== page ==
Platelet-rich plasma is a bioactive component of whole blood that is now widely tested in different fields of medicine82. Platelet-rich plasma originally was used to facilitate wound-healing83 and only recently has been advocated to improve tendon-healing84-86. Platelet-rich plasma products contain a higher concentration of platelets than blood does. Platelets contain dense granules and alpha granules: dense granules contribute to tissue modulation and regeneration by releasing adenosine, serotonin, histamine, and calcium, whereas alpha granules release TGF-β, platelet-derived growth factor, and vascular endothelial growth factor, with concentrations increasing linearly with increasing platelet concentration87,88. These factors bind to transmembrane receptors on the surface of local or circulating cells and induce intracellular signaling, cellular chemotaxis, matrix synthesis, and proliferation. It has been suggested that this cascade leads to the tendon-healing process, which occurs through three phases: inflammation, proliferation, and remodeling85. Platelet-rich plasma products promote the tendon-healing, but the exact mechanism through which the tendon-healing occurs is still unclear. Some studies have demonstrated improved tendon-healing in patients managed with platelet-rich plasma as compared with controls89-92, but symptoms have not been significantly reduced when platelet-rich plasma has been used for the treatment of Achilles tendinopathy89,93. A randomized, double-blind, placebo-controlled study evaluating eccentric exercises and injections of either platelet-rich plasma or saline solution showed no difference between the groups in terms of pain and activity at six months93, and a recent randomized, controlled study showed no significant difference in terms of Victorian Institute of Sports Assessment-Achilles (VISA-A) scores at the primary end point of six months after treatment with either eccentric exercises or injection of platelet-rich plasma94. The meta-analysis by Sadoghi et al. indicated that platelet-rich plasma may increase healing strength after Achilles tendon repair following an acute rupture but that there is no benefit when platelet-rich plasma is used for the treatment of Achilles tendinopathy95.
Matrix Metalloproteinase Inhibitors
Although enzyme inhibitors have not been extensively evaluated for the treatment of tendinopathy, there is evidence that patients with Achilles tendinopathy may benefit from peritendinous injections of aprotinin, a broad protease inhibitor96. A small randomized trial of patients with Achilles tendinopathy showed that combined treatment with aprotinin and eccentric exercises did not significantly improve outcomes compared with placebo, although the results were satisfactory in both groups97. However, that trial was relatively underpowered, and the authors continued to use aprotinin in their clinical practice. Despite the theoretical benefits, aprotinin is no longer available in most countries for use as an injectable MMP inhibitor (in small doses). This indication was always “off label,” and the number of specialists using it worldwide was fairly limited, although it had been used in Europe for the treatment of tendinopathy since the 1970s96. The major indication for aprotinin was to reduce bleeding during major surgery (especially cardiac surgery) with use of large intravenous doses. Data from large-scale trials recently have shown that the risk profile outweighs the benefit for this indication—hence the worldwide withdrawal of aprotinin. Aprotinin may induce allergic reactions in some patients98, without any superiority to other injectable products such as platelet-rich plasma or glucose prolotherapy. Alternate MMP inhibitors, such as tranexamic acid, theoretically could be used for the treatment of tendinopathy, but laboratory and clinical trials are needed to test their use99.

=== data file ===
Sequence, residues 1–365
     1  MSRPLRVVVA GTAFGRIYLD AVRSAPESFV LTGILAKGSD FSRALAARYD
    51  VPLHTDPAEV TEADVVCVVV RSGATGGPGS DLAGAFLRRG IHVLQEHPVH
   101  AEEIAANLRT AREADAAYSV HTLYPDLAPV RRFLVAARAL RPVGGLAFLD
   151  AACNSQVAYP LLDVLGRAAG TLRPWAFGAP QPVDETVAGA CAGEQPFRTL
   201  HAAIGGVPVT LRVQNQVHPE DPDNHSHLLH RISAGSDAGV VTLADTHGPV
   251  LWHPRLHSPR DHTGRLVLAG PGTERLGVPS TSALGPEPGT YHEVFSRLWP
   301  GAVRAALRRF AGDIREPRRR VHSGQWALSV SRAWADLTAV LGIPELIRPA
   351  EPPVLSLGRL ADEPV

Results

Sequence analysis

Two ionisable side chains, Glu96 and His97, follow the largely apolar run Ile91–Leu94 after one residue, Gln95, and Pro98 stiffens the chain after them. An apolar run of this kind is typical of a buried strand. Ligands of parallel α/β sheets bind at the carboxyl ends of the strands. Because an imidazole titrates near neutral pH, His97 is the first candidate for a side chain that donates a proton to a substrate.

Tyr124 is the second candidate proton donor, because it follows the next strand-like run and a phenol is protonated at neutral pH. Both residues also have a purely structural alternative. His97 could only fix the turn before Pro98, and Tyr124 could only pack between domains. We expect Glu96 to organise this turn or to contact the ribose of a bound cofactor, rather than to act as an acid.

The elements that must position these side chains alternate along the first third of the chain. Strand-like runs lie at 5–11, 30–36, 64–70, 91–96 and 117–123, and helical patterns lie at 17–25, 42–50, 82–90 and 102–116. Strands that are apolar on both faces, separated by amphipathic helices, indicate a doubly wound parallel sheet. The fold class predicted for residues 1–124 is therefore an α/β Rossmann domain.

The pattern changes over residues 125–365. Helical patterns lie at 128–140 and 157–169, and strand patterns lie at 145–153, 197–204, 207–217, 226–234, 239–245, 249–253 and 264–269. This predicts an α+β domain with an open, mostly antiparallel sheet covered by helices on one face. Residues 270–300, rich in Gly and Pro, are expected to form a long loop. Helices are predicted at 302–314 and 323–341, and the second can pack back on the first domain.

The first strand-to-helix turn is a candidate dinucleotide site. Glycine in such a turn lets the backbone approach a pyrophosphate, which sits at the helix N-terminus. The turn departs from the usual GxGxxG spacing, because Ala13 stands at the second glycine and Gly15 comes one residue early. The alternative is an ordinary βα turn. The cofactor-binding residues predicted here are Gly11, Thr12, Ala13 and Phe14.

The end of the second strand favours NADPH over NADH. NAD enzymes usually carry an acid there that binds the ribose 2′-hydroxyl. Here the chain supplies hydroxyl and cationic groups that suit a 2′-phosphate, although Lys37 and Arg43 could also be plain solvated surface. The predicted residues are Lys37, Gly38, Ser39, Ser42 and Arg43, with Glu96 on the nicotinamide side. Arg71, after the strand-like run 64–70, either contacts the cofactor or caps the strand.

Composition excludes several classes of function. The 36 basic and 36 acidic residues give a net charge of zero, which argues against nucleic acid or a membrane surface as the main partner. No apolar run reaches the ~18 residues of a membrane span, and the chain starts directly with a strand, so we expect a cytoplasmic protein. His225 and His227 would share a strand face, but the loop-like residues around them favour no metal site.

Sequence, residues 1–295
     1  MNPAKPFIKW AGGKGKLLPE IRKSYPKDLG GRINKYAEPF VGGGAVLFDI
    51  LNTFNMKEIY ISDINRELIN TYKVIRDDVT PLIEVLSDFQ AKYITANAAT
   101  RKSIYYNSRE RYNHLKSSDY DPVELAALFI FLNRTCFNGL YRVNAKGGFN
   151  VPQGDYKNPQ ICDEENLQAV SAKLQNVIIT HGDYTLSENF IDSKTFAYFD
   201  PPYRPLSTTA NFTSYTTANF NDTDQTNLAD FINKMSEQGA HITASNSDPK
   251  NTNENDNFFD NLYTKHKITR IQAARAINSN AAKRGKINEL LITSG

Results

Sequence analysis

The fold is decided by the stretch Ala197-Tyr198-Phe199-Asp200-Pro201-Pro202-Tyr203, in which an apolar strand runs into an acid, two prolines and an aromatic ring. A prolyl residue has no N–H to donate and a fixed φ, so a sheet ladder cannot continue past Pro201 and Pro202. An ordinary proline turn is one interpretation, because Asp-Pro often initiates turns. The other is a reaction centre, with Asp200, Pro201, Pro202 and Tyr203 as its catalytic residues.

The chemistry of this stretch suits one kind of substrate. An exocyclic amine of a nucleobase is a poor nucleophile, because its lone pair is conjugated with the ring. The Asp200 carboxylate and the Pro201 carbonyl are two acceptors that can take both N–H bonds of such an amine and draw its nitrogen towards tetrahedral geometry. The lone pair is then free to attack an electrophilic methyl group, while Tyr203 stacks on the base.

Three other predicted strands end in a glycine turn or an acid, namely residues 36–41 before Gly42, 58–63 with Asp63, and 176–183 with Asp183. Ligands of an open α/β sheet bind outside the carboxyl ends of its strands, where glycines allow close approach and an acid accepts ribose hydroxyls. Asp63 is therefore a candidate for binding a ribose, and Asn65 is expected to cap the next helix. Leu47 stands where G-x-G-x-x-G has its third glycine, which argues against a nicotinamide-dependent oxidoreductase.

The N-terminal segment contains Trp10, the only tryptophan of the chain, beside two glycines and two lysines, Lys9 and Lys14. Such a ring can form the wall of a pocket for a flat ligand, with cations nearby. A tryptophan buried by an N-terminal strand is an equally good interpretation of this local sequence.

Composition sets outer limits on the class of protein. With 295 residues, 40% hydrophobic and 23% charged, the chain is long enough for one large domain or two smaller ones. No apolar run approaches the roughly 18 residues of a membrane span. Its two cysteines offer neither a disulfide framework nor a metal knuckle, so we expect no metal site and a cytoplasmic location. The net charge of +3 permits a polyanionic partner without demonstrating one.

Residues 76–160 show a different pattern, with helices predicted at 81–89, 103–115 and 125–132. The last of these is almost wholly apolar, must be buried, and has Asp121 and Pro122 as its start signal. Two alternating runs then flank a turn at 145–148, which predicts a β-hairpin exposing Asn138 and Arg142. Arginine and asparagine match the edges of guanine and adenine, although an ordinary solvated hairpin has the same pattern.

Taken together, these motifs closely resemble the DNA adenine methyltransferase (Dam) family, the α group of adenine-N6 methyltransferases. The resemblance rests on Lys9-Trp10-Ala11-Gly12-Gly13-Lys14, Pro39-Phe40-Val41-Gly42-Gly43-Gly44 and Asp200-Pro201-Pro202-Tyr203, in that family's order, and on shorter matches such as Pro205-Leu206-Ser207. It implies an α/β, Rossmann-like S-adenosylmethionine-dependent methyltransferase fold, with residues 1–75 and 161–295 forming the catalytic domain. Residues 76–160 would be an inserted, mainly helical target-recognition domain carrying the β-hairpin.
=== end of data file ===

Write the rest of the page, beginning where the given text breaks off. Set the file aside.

Other Nonoperative Therapies
Paoloni et al., in a randomized, double-blind, placebo-controlled study, reported a reduction of symptoms in patients with Achilles tendinopathy who were managed with glyceryl trinitrate patches100, with significantly greater benefit after three years101. A more recent study showed that glyceryl trinitrate patches did not provide greater benefit compared with standard nonoperative management after six months, with no histological changes in terms of the formation of new blood vessels, collagen synthesis, or stimulated fibroblasts102. On the contrary, it has been hypothesized that glyceryl trinitrate may be detrimental to the underlying pathological process103.